Populists Primed to Govern Italy After Stinging Renzi Defeat

Italian Prime Minister Matteo Renzi kept his promise to resign from office after losing a constitutional referendum tied to his administration Sunday, opening the door for the growing populist Five Star Movement (M5S) to move into Italy’s political driver’s seat.

Sunday’s important referendum marks the third major populist victory worldwide after the Brexit vote in June and Donald Trump’s triumph last month. The resounding defeat of the measure—60 percent to 40 percent—also marked an unprecedented voter turnout, as more than 65 percent of eligible Italians showed up at the ballot box.

As with the cases of Brexit and Trump, the populist movement in Italy is hard to pigeonhole in categories of left and right or conservative and liberal. In many ways, it is easier to define by what it is not rather than what it is. Italian populism sees itself as Euro-skeptic, anti-establishment (whether left or right) and anti-corruption.

Italy’s Five Star Movement, the standard-bearer of Italian populism, was so-named because of the five causes it originally espoused: public water, improved transportation, sustainable development, free internet access and environmentalism. These are hardly right-wing causes, but nor are they the agenda of the Italian establishment.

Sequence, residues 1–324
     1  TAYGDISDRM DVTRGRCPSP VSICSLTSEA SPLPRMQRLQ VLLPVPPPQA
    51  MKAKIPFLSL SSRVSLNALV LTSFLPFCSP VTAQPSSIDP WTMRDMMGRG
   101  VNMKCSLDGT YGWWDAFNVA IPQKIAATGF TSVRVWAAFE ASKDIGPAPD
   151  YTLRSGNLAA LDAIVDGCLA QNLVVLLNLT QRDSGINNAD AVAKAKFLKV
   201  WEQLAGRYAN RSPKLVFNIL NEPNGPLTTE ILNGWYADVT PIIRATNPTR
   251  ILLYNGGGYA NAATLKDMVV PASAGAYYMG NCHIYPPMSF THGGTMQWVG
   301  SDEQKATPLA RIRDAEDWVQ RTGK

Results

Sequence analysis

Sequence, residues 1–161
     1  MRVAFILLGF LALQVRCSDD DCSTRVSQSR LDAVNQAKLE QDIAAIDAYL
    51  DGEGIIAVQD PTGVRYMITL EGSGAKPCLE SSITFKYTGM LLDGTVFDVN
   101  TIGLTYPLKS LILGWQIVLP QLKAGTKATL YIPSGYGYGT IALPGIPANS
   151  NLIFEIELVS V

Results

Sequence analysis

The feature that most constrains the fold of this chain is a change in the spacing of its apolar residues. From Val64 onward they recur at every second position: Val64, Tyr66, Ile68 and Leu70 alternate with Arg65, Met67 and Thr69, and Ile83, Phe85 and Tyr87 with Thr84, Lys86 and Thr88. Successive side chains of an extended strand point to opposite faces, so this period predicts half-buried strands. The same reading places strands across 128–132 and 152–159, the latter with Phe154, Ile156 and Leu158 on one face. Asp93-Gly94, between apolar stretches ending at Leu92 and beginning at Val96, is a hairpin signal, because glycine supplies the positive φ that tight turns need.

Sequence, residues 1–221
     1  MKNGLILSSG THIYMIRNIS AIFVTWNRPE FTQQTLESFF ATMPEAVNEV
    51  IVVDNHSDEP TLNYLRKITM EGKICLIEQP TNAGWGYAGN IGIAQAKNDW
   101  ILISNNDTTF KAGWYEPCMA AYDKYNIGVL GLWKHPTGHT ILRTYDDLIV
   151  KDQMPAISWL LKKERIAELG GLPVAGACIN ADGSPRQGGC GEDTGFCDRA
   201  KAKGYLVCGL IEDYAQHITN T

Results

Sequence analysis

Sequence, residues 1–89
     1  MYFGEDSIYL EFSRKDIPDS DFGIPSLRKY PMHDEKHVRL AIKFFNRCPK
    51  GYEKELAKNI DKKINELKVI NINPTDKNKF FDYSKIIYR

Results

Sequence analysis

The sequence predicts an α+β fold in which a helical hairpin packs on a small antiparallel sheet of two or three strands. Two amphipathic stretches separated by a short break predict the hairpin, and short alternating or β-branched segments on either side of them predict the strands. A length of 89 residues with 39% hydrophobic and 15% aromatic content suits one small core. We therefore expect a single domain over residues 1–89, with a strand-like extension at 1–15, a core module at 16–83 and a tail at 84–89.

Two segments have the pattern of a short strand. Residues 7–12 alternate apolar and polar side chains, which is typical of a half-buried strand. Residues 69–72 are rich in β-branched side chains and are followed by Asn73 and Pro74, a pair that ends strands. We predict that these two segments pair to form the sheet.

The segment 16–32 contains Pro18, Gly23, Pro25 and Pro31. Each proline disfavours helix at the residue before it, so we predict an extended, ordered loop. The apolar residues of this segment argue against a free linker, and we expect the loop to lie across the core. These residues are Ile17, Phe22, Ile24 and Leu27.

After M5S scored major victories last June, winning mayoral races in Rome and Turin as well as over a dozen other cities, it established itself as Italy’s most significant opposition force. Its rise in popularity has continued unabated ever since.

“The propaganda of the regime and all its lies are the first losers of this referendum,” said Beppe Grillo, the founder and leader of M5S. “Times have changed.”

Virginia Raggi, Rome’s M5S mayor, called the referendum outcome a victory for democracy, tweeting that “our revolution will not stop, in Rome and in Italy.”

Despite his early reputation as a reformer, during his two-and-a-half-year rule, Matteo Renzi became more and more identified with the establishment and especially beholden to the European Union (EU) with its gross mismanagement of the migrant crisis, a position that cost him popularity. His inability to lift Italy out of the economic gutter further sullied his political image.

The autocratic Prime Minister issued an edict in June opening the door for civil unions in Italy, bypassing parliamentary debate and unilaterally settling the question outside of the democratic political process. This measure earned him the ire of Italy’s powerful pro-family movement and enduring suspicion among those who value the rule of law.

The immediate outcome of the Renzi exit is yet to be determined. The Italian President, Sergio Mattarella, may name a caretaker government staffed with technocrats, or he may call for early elections in 2017.

Either way, Renzi’s defeat will further galvanize Italy’s populist movement while also sending signs to other EU nations—such as France—that resistance to the establishment is possible.

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